An Essay About Ellis Island

1916 Words8 Pages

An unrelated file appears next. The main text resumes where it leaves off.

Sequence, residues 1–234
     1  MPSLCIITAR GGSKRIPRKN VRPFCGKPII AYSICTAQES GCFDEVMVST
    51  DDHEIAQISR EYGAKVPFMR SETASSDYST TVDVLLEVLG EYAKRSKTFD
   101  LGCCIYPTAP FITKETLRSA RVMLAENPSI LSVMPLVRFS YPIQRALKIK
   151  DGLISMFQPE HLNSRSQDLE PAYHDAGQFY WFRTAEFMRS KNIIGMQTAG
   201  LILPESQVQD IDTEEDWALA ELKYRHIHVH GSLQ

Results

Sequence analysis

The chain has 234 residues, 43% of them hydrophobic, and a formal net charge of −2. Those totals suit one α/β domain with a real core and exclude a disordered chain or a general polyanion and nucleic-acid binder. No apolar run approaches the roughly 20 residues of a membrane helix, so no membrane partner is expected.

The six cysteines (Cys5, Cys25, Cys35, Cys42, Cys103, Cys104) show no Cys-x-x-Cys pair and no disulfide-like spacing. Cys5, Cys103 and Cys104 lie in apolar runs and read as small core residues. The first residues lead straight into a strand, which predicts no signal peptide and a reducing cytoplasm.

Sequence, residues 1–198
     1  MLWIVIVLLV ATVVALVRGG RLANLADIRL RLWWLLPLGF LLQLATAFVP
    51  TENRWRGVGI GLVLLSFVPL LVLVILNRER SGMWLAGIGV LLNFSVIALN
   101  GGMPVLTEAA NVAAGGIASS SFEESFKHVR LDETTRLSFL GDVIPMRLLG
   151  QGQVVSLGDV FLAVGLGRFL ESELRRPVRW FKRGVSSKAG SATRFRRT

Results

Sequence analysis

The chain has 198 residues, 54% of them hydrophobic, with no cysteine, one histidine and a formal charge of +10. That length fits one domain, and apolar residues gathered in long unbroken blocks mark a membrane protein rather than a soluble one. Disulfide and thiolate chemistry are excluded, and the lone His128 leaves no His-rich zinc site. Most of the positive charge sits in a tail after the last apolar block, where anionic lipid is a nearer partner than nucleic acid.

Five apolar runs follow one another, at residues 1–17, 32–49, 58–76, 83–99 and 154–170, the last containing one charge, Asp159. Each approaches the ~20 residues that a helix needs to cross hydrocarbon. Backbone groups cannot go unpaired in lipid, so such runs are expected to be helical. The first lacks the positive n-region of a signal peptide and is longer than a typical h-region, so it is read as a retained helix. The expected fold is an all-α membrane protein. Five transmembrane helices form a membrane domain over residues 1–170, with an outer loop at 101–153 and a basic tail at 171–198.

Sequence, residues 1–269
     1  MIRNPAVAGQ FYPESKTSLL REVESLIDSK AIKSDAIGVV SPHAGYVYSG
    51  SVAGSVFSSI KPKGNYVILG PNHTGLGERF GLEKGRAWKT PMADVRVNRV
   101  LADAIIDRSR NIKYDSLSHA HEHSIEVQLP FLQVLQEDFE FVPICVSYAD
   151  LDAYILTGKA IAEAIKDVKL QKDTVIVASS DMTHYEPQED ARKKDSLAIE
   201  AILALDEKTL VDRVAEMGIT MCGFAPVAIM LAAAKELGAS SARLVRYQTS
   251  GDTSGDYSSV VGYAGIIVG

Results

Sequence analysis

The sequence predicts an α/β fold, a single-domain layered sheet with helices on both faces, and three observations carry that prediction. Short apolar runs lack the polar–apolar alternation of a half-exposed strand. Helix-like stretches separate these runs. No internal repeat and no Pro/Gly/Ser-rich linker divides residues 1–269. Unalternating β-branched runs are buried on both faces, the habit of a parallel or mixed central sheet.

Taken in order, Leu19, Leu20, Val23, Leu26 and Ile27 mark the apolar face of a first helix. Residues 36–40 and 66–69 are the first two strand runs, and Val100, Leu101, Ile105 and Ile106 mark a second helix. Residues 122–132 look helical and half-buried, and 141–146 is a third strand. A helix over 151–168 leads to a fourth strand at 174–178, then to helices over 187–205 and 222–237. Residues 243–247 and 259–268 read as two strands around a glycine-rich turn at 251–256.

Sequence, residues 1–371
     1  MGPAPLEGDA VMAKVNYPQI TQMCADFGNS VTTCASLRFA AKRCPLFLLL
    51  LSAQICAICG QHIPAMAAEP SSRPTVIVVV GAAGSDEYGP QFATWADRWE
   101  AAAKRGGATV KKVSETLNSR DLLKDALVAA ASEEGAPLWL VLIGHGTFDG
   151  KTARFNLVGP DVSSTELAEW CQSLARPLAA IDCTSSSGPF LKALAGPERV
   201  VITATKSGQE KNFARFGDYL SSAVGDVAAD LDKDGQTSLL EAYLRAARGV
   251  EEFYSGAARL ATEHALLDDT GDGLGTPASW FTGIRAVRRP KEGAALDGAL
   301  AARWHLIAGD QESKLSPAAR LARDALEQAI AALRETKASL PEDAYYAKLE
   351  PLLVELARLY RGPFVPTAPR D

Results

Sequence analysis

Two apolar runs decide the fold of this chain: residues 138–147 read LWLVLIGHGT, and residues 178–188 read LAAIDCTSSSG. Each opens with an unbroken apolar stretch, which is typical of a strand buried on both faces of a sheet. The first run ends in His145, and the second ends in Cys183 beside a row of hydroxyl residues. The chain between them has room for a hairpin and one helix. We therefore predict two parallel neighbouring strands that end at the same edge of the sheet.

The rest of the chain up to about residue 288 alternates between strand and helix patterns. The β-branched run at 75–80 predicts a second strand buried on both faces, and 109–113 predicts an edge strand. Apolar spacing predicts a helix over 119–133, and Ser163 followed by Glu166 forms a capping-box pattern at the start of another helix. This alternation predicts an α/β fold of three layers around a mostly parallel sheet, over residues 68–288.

“They asked us questions, ‘How much is two and one? How much is two and two?’But the next young girl, also from our city, went and they asked her, ‘How do you wash stairs, from the top or from the bottom?’ She says, ‘I don’t come to America to wash stairs.’” This is a quote from Pauline Notkoff, a Polish Jewish immigrant who came to America in 1917 and was interviewed in 1985. Ellis Island had a highly efficient institution to present the United States with a healthy workforce. The goal was always to admit people not turn away. The nation’s health service was aware that people had put their savings and health at risk to sail across the ocean and leaving some family members behind to enter the United States. They wanted to accept and not reject if at all possible. Ellis Island opened on January 1st, 1892, and inspected about 3,000 to 5,000 immigrants a day. The immigrants were required to undergo physical, mental, and legal exams to determine if they were allowed to enter the United States.4 out of every ten Americans can trace at least one ancestor to Ellis Island. Ellis Island was once a large sandy expanse of land that was originally referred to as Gull Island by the indians who resided on the nearby shores. It was renamed Oyster Island in 1630 when the Dutch controlled New York. When the british gained control they restored the name Gull Island. During the mid 1760’s the island was used as a spot to hang pirates. In 1785 Samuel Ellis, a New Yorker, bought the property thus giving it the name Ellis Island. Ellis turned it into a picnic spot. He passed it on to his descendants after he passed. The U.S. Government purchased the property in 1808 and built a fort on the property called Fort Gibson. The U.S. Navy used Ellis I... ... middle of paper ... ...llars with you?” “Have you ever been in prison?” “Are you married?” “Do you have more than one husband or wife?” “Are you a foe of the government?“ An immigrant could be detained for further inquiry if his or her answers differed from the answers listed on the manifest. Ellis Island was considered the island of hope for most people, but for others it was the island of tears. If an immigrant did not pass their exams, they would be detained. Legal detainees resided in a dormitory room located on the third floor. They could wait days or even a month to hear their case reviewed in the hearing room. Medical detainees were treated at the island’s hospital or keep in quarantine for weeks or even months. Eventually, a Board of Special Inquiry would review an individual's medical report and decide whether to allow him into the United States or to send him back.
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